Sunday, November 11, 2007

Performance Tuning and the Heisenberg Uncertainty Principle

Often when I visit a new client, they say, "We need you to start SQL Server Profiler and tell us why our server is so slow."

I'm reluctant to immediately resort to the SQL Server tracing utilities because of the performance load that they cause. Sometimes, I explain to the Heisenberg Uncertainty Principle:

http://en.wikipedia.org/wiki/Uncertainty_principle

and similarly the Observer Effect:

http://en.wikipedia.org/wiki/Observer_effect

Developed by Werner Heisenberg in 1927, this principal states that when you measure something, there is uncertainty caused by the measuring process. For instance, if we write our trace logs to a file and we're looking for disk contention, the tracing itself might be contributing to it. The uncertainty might also be caused by the measuring logic. We might be looking at excessive disk contention and determine that we need faster disks. But what if memory paging is causing the pages to be written to disk? In that case, our measuring logic was flawed, and we would need to add more RAM to resolve the performance bottlenecks.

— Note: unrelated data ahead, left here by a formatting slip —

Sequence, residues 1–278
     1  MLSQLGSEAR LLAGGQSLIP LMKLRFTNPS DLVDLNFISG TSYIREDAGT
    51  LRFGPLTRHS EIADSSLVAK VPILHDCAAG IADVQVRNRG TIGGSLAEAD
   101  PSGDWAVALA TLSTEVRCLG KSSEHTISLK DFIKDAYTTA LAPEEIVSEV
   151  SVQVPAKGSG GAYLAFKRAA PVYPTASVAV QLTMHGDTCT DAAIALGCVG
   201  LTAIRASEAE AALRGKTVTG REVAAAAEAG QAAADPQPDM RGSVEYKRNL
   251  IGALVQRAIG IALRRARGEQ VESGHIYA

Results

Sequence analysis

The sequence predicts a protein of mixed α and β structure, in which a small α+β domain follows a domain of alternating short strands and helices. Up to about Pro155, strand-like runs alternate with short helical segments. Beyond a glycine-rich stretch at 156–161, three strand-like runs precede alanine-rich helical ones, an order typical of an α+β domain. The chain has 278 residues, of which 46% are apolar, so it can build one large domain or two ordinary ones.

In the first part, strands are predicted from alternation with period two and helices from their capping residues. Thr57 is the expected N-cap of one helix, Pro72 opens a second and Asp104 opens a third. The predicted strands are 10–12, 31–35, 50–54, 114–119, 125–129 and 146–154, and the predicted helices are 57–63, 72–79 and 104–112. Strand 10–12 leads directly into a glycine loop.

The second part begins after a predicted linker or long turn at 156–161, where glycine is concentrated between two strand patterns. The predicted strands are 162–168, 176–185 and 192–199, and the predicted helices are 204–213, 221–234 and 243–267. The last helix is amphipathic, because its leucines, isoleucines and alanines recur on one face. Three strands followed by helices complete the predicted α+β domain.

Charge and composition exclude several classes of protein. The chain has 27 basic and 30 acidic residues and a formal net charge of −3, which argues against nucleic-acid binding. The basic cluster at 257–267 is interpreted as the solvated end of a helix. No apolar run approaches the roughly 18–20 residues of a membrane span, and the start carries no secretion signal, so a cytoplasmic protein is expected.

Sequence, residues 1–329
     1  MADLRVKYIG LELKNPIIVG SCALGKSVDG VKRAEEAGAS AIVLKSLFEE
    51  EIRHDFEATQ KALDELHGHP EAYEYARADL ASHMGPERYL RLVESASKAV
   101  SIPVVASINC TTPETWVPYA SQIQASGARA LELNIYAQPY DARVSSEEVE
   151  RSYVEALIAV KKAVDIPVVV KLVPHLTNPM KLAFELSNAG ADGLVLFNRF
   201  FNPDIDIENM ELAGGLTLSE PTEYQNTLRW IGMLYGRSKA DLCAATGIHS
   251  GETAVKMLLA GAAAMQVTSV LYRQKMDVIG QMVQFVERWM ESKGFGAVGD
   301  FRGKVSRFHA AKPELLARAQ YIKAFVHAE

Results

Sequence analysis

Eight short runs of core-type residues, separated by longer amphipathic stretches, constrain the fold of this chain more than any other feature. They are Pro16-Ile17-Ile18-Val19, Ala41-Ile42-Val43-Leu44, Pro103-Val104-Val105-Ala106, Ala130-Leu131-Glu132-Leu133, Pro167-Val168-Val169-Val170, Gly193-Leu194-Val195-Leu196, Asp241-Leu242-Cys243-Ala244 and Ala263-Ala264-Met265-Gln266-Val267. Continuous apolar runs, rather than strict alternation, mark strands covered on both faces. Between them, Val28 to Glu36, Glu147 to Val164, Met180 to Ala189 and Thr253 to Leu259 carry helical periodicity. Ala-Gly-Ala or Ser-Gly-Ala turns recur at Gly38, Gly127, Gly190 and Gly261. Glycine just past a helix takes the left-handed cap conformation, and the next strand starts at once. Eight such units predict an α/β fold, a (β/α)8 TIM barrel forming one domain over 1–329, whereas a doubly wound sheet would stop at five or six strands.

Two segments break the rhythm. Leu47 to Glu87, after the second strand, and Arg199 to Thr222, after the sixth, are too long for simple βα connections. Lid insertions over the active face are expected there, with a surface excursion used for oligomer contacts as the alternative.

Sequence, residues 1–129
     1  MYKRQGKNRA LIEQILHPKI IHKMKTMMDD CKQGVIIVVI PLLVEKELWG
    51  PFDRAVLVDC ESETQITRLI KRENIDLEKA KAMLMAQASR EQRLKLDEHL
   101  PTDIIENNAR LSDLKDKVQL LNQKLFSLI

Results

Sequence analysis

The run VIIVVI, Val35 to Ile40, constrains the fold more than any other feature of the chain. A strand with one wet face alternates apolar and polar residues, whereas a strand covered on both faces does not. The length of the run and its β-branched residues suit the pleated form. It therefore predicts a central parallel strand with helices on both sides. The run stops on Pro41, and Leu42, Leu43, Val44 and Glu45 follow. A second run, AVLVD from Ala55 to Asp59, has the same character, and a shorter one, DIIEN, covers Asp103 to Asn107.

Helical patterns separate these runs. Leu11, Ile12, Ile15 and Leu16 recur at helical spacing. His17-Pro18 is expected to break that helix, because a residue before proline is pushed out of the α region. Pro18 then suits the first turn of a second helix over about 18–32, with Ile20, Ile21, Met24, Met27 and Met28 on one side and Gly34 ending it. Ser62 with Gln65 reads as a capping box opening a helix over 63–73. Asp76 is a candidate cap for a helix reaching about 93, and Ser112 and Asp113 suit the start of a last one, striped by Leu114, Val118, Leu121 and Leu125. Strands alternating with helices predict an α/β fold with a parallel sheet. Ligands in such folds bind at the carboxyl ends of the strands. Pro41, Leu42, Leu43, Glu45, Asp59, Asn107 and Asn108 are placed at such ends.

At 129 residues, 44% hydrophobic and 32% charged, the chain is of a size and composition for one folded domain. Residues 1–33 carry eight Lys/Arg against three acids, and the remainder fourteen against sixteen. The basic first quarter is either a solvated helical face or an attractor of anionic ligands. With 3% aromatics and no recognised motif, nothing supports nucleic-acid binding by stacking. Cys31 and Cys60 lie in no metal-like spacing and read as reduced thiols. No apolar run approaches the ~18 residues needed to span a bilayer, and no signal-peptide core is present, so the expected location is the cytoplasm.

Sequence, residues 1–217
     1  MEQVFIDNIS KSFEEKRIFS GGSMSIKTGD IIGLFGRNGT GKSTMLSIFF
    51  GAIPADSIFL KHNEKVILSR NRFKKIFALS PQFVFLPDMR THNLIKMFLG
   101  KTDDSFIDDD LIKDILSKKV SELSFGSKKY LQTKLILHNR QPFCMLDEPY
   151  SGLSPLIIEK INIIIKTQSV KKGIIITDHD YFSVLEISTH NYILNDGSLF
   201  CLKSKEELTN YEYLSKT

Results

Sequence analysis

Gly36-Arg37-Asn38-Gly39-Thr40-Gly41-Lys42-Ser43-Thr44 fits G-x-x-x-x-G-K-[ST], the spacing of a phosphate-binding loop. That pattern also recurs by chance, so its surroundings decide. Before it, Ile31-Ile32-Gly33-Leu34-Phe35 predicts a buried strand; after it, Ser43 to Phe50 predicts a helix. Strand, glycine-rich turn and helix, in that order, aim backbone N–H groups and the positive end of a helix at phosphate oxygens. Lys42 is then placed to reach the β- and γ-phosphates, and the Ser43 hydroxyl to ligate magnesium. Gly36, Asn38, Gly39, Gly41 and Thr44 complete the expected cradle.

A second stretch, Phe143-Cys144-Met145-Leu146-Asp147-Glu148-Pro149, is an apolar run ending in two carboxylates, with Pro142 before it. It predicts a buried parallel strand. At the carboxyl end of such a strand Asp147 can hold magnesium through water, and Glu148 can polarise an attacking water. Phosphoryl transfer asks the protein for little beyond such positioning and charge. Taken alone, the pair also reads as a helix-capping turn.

So before I start SQL tracing, I like to use other tools first. Task Manager, System Monitor, Activity Monitor, and DMVs will tell us an awful lot about a server's performance before tracing is even needed. This allows me to observe the server's performance with an open mind, before using invasive tracing utilities.

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